1. Gosllust, S., Kite, H., Benning, S., Callanan, R., Weisman, S., Nanney, M. (2014). Use of Research Evidence in State Policy Making for Childhood Obesity Prevention in Minnesota. American Journal of Public Health. 104 (10) 1894-1900.

 

  1. Johns Hopkins University Evidence-based Practice Center, (2013). Childhood Obesity Prevention Programs: Comparative Effectiveness Review and Meta-Analysis. Effective Health Care Program Comparative Effectiveness Review Number 115. Agency of Healthcare Research and Quality, Rockville, MD. Retrieved from: http://www.effectivehealthcare.ahrq.gov/ehc/products/330/1524/obesity-child-report-130610.pdf

 

  1. Let’s Move (2014). Childhood Obesity Task Force Report. The Epidemic of Childhood  Obesity. Retrieved from: http://www.letsmove.gov/about
Posted in Science, Social Science | Tagged , , , , , , , , | Leave a comment

Healthy Nutrition in Infants

Adequate nutrition is vital for good health in all people, especial for infants and children. It is required for healthy growth and development and without it they can suffer incurable physical, biological, and neurological damage. Nutrition in young people continues to be of interest to dietitians and medical scientist. As growing families to adapt to the changes in modern society such as food access, variety, and processes many struggle to maintain a nutritious diet. This can be observed in the rising obesity epidemic. While adults are getting larger and heavier from poor nutrition and exercise, so are infants and children. It is reported that, “nearly 1 in 3 children in America is overweight or obese”, (American Academy of Pediatrics, 2016). These populations may consume large portion or high calorie foods, yet still suffer from malnutrition due to their poor eating habits. A growing health concern, it is important that young families are aware of infant nutrition, eating patterns, and healthy habits. By providing adequate nutrition to infants, parents can ensure their infants grow to reach their full potential of health.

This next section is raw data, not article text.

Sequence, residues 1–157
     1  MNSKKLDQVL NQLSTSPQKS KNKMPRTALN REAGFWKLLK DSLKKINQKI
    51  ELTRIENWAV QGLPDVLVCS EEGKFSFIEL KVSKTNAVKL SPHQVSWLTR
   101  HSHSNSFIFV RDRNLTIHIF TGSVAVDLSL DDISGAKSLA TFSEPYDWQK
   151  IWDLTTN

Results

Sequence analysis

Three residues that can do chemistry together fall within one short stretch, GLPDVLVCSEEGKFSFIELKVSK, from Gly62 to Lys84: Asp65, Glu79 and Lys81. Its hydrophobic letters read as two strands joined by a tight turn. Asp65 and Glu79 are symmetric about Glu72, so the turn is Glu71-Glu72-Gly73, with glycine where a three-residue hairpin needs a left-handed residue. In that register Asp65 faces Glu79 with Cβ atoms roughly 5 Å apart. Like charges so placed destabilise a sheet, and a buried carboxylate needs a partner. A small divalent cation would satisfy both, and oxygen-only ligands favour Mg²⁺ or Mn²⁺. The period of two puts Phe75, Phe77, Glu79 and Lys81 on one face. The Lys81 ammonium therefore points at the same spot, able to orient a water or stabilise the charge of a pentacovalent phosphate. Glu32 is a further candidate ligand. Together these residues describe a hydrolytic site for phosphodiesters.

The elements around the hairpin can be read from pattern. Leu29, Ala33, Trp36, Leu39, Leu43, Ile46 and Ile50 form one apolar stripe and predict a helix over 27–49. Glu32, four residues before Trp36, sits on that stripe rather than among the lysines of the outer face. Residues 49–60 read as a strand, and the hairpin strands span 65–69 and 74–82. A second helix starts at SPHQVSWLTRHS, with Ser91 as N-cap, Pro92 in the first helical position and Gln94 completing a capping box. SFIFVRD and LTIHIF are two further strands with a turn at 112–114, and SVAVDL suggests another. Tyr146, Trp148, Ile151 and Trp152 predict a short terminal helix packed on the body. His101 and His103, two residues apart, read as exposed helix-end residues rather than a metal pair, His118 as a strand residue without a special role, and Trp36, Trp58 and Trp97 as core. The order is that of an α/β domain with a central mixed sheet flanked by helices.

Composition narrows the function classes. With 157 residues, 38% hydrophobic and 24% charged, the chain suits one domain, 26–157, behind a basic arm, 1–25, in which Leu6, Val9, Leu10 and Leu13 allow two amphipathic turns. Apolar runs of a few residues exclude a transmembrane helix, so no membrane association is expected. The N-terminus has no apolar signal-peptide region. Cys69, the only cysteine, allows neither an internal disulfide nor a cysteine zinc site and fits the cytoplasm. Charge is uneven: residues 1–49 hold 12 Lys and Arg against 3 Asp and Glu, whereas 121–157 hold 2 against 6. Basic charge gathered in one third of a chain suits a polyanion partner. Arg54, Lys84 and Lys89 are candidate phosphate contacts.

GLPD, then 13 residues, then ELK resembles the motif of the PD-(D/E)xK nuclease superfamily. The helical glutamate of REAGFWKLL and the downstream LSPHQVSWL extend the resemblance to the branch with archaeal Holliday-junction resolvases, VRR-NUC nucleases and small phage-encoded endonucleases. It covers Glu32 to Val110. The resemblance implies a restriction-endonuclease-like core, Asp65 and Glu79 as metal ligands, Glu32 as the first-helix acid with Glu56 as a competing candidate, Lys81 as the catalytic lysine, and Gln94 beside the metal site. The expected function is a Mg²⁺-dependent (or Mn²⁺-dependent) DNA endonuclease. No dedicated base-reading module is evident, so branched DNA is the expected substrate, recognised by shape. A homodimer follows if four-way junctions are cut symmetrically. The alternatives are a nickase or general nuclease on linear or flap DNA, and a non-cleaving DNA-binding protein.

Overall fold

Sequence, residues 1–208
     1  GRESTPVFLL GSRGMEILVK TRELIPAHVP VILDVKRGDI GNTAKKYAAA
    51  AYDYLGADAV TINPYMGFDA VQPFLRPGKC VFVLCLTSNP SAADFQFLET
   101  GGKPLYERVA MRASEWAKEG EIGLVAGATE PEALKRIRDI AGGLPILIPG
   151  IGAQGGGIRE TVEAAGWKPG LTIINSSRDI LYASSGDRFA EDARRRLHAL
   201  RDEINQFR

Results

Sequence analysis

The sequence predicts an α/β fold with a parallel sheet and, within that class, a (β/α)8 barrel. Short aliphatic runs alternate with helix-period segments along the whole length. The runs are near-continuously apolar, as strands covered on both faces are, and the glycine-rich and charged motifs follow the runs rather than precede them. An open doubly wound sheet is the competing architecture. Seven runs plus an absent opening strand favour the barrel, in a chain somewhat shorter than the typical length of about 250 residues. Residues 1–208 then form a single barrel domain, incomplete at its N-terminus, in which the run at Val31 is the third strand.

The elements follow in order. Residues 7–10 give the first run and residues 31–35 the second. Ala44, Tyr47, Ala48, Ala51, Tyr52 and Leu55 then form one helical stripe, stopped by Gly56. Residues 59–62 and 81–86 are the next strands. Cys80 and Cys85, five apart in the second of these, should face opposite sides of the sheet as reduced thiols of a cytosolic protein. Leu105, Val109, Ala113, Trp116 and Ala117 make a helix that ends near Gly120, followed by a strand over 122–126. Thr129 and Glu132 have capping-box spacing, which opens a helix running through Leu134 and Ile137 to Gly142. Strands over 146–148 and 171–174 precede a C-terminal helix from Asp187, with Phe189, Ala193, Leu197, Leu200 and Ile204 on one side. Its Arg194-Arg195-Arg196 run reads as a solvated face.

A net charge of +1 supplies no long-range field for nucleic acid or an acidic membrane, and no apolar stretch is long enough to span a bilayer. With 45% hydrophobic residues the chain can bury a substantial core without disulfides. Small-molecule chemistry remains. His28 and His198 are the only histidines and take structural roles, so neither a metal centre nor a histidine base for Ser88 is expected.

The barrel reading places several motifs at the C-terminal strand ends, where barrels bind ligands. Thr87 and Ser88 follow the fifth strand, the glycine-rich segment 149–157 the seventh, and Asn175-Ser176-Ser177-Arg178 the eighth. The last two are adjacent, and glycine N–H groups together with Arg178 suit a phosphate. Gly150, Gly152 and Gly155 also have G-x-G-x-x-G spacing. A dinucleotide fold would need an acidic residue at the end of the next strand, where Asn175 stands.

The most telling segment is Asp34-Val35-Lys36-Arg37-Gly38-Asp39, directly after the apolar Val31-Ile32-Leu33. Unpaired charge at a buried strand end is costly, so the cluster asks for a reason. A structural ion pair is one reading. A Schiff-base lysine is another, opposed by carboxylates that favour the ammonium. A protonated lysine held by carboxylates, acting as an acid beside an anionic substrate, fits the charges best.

The relationship between obesity and poor nutrition in children can be observed in the case study of “Steven”. Steven represents the average infant who has become overweight with time. When Steven was born he was 8 pounds and 20 inches. He continued to grow at an average weight during the first and second month. At 2 months old, Steven was at an average weight and height at 12 pounds 8 ounces. When Steven turned 3 months old that’s when things started to change. This is because he put on 2 pounds in 3 months putting him in the 95th percentile on the growth chart. Today, Steven is 5 months old. He weighs 18 pounds and 26 and one-half inches tall. Although he is a very healthy child, Steven is overweight and falls well above the 95th percentile according to CDC standards. If Steven continues at this rate, he will continue to be overweight as he enters his toddler years and yearly childhood.

Steven is at the right age to start considering solid foods. However, he must meet his developmental milestones to determine if Steven is prepared to add variety to his diet. For instance, when babies are born they have something that is called protrusion reflex. It is a natural response that tells babies to suck when they want food. Because of this response, babies cannot consume food unless you give it to them through a nipple, (Feeding Your Infant, 2012). Between the age of 4 and 6 months this response will begin to subside. Although this is a good sign, Steven must hit other developmental milestones as well. This includes “being able to move tongue from side to side without moving his head…keep head upright and sit with little support”, (Brown, 2014, p. 239). Also he should be able to reach out, grab, and hold on to objects. If he is able to do this, Steven and other children with these developmental achievements, can start on solid foods.